Caspian Gull - Larus cachinans

Formerly the eastern species of Yellow Legged Gull, Caspian Gull was promoted to full species status in 2007. Specimens have showed well at Stubbers Green for a number of winters and several specimens have been recorded at Chasewater in most winters so it was only a matter of time before one of these birds puts in an appearance at Ryders Mere. The first confirmed record was a fourth year specimen that was present early afternoon on 28/11/2009 although it is likely that birds have previously gone unrecorded on a number of occasions.

This may actually have already occurred as a probable first-winter female bird with an extensive pale grey mantle was present on 17/12/2007 but as I was the only observer, I was not happy for this to go forward as such without corroboration. I was delighted however with a full adult specimen which posed for several minutes on Ryders Mere (11/02/12 - C.M. - K.S. - T.S.) almost certainly one of several birds that had been present at Stubbers Green in the previous few days. Caspian Gulls became an early feature of the Chasewater Roost in December 2013 and one possible adult was reported from Ryders Mere on 11/12/2013 (I.P.)
Glaucous Gull - Larus hyperboreus

White-Winged gulls are the speciality of Chasewater and it is inevitable that these Arctic breeding birds will eventually turn up at Clayhanger and Ryders Mere. There have however been three records (so far) of Glaucous Gull, the largest representative of this group.

I'm pleased to say that first-honours went to me with a huge adult bird amongst a group of gulls foraging on the fields at Grange Farm (18/01/1998). This bird eventually flew off toward Chasewater at 16:20 and despite deteriorating weather, was picked up in the roost by at least one birder.

The second record involved a first-winter bird found on one of the islands in the mere by Tony Stackhouse (27/01/2004), this also put in an appearance in the Chasewater Roost. Honours for the third record go to Pete Newman who tracked a first-winter bird seen at "Fishley Lane" to a pre-roost at Ryders Mere on 04/01/2008, and yes, this also roosted at Chasewater. A large pale first winter bird showed well on the frozen Mere on 03/03/2013 (C.M. - J.A.S.) before flying off toward Stubbers Green (it was keeping company with an Iceland Gull present on the same day and causing confusion). The same situation was to be repeated on 14/03/13 when another juvenile Glaucous Gull was present (G.C.)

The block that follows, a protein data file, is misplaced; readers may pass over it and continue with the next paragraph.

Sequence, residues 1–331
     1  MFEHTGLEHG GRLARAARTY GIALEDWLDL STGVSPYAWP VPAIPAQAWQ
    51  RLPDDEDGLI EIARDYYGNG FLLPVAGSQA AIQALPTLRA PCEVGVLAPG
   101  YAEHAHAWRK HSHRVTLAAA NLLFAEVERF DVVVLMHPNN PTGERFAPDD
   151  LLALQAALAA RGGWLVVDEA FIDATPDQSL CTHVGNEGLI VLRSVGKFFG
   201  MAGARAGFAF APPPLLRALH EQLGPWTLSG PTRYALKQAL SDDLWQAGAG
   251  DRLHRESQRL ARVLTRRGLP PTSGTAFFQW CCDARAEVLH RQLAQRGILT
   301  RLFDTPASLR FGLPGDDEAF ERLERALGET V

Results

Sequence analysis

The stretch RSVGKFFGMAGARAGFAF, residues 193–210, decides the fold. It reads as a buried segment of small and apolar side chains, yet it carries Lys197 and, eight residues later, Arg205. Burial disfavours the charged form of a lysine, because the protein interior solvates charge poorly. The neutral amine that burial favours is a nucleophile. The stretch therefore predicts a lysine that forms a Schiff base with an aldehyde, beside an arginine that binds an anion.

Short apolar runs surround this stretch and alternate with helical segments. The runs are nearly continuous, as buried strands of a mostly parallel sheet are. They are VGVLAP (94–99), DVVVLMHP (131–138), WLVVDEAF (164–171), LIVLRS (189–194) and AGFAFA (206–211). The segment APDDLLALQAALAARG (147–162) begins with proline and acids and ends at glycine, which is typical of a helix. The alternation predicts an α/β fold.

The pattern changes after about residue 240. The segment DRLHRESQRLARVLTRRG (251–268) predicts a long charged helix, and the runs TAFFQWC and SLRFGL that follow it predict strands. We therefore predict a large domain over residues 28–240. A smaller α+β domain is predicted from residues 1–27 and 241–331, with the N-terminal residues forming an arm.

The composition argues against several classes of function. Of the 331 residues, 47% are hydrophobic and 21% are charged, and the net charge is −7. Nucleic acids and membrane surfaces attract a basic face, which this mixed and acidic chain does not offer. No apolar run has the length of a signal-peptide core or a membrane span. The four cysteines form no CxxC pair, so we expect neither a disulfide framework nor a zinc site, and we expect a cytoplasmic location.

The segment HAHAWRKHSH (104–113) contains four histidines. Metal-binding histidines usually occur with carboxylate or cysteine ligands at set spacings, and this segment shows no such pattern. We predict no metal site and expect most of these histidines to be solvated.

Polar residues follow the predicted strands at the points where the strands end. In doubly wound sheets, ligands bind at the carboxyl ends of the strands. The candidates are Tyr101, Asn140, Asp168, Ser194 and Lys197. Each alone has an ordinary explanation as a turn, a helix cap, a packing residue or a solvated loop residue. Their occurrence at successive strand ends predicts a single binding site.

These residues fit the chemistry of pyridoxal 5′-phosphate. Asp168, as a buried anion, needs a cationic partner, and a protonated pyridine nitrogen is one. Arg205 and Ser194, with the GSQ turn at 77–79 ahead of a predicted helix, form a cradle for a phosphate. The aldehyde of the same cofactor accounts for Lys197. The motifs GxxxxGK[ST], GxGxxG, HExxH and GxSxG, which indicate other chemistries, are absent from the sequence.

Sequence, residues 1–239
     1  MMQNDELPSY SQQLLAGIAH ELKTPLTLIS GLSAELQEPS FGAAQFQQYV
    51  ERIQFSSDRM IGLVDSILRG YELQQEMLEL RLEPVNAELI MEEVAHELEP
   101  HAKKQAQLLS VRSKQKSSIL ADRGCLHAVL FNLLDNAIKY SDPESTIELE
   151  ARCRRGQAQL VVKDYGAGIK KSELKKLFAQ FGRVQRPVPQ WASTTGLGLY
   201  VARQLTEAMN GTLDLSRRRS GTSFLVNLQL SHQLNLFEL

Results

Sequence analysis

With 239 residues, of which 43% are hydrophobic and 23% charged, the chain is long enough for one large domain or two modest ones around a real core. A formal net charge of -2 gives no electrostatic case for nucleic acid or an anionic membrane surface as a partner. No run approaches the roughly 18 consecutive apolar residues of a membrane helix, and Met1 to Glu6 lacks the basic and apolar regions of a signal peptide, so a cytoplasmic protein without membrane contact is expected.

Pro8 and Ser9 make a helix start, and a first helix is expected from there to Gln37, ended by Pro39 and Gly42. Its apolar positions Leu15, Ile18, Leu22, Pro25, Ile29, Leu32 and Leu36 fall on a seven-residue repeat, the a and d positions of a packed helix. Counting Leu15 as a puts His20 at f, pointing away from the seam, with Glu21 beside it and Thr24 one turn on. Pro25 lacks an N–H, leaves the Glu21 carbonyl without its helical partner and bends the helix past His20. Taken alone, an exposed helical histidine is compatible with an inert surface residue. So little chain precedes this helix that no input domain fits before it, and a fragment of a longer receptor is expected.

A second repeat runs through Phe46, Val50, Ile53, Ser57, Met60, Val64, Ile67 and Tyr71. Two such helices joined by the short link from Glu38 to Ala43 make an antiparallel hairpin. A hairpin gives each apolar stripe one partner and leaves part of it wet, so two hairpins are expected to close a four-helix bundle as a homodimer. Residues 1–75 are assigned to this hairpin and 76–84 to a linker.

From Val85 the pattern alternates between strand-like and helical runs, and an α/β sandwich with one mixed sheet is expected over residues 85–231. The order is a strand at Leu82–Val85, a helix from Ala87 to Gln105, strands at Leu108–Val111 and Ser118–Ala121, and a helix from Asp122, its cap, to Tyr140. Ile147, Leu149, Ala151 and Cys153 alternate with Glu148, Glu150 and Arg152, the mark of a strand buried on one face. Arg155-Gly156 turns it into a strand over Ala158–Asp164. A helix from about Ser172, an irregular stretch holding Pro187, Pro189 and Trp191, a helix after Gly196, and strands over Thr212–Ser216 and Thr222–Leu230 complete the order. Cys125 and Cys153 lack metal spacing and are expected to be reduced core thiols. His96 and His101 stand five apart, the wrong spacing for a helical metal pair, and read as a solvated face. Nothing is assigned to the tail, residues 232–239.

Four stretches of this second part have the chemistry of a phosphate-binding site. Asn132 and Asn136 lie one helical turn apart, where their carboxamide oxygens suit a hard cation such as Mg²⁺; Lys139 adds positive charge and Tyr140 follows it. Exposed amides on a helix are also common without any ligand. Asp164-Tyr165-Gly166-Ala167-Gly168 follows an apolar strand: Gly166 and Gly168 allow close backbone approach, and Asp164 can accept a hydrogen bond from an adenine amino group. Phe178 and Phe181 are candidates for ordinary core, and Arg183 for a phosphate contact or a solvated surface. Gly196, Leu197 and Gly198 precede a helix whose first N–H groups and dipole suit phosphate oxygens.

Iceland Gull - Larus glaucoides
The other White-winged Gull that regularly overwinters locally at Chasewater and one that has probably gone under-recorded at the site.

The first formal record involved a second-winter specimen that flew through late afternoon toward Chasewater on 15/02/2008, while the same (or possibly the other 2nd Winter bird) was present early morning on 20/02/2008 (see photo) (K.C.). Almost exactly two years later (08/02/10) another Iceland gull was seen to fly through (I.P.). A pale eyed second winter bird was the next record (C.M. - J.A.S. - P.J. - J.K.G.A.) sharing the Mere with a first winter Glaucous Gull (both of which had been in the roost at Chasewater the previous evening). A juvenile Iceland again shared the Mere with a Glaucous Gull on 14/03/13 (G.C.).

Great Black-Backed Gull - Larus marinus